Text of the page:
Electoral college by state does not solve the problem of populous states versus the desert states, despite what some believe. Electoral college by county or congressional district would.
Term limits? Who are your congresscritters now? They are bosses of 200+(?) employee state subsidized companies, whose job (the bosses’) is to collect money for re-election, to lunch with the lobbyists, and to be the faces of these companies, which are in fact run by the faceless professional unelected employees on Capital Hill and in district offices. Don’t kid yourself that your congresscritter actually reads your sincere letters and postcards of concern, they are read by the gofer Monica Lewinskys and Chandra Levys of the day, if they are read at all. .
The reelection rate is not a problem of the lack of term limits. The problem is the government and thus incumbents have WAY to much power and influence over our lives. The offices carry with it unlimited income potential and celebrity status.
Take away the power of government and the perks that go with elected office, the way the founders intended, and the incumbents will term limit themselves.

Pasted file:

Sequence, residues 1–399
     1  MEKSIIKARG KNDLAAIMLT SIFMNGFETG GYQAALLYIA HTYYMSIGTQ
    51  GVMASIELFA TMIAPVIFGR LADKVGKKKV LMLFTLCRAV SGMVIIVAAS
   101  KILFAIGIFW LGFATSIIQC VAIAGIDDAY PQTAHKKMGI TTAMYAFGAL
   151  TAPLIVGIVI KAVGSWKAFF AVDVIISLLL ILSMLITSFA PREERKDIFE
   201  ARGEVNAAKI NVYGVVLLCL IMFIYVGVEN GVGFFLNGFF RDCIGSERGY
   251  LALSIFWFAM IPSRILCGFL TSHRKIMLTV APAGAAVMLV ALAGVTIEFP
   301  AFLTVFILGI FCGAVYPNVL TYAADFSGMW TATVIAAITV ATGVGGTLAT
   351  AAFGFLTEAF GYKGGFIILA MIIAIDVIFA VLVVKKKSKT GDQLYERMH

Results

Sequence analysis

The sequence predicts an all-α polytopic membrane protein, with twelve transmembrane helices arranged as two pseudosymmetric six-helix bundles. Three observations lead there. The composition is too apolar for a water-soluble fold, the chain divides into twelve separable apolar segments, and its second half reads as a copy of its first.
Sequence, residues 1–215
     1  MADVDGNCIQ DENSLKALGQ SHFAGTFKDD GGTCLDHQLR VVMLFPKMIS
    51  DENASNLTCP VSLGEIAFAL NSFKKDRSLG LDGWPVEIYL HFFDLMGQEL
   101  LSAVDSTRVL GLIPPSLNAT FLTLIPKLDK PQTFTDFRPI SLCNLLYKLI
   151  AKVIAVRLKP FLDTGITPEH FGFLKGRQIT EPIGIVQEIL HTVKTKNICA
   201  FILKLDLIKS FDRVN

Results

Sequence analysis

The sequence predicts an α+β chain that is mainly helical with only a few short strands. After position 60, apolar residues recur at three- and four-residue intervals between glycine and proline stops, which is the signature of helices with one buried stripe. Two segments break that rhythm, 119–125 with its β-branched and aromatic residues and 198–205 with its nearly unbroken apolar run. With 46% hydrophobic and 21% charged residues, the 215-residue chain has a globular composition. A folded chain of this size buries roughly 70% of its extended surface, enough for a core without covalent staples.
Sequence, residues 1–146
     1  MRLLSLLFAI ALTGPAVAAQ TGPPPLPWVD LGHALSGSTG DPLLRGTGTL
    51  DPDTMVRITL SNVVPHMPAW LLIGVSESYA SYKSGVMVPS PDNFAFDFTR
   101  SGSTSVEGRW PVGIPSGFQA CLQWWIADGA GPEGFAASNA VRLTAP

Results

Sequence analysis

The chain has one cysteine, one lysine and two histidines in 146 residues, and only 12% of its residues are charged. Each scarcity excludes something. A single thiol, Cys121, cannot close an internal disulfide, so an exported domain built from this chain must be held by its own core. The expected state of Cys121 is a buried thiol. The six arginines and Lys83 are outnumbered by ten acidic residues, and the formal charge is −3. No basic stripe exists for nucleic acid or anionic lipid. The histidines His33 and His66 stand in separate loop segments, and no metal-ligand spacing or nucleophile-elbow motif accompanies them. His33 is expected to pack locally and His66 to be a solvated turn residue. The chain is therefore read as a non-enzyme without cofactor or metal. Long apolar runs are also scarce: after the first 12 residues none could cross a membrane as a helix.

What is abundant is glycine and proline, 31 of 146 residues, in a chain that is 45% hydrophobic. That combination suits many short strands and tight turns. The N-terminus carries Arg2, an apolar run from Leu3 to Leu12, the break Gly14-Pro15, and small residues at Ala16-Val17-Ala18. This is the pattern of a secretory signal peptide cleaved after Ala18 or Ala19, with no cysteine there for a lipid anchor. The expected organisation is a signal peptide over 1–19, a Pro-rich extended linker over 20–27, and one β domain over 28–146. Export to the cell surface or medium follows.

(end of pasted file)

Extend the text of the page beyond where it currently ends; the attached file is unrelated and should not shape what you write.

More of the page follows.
The answer is to limit GOVERNMENT not the terms of office.
So who will elect presidents by popular vote?
New York .......... 8,489,713
Los Angeles .......... 4,083,122
Chicago .......... 2,901,633
Houston .......... 2,400,133
Phoenix .......... 1,657,153
Philadelphia .......... 1,656,138
San Diego .......... 1,582,739
San Antonio .......... 1,391,022
Dallas .......... 1,383,776
San Jose .......... 1,098,132
Detroit .......... 901,160
Jacksonville .......... 822,401
San Francisco .......... 817,411
Indianapolis .......... 798,382
Austin .......... 757,688
Quick, learn Spanish faster!
More fitting to say "and/or."
Man, New Mexico and Iowa surprise the heck out of me in that graphic. Having lived in both places...but then, that was decades ago.
I wasn't that serious about it... but the counties could be allocated based on population.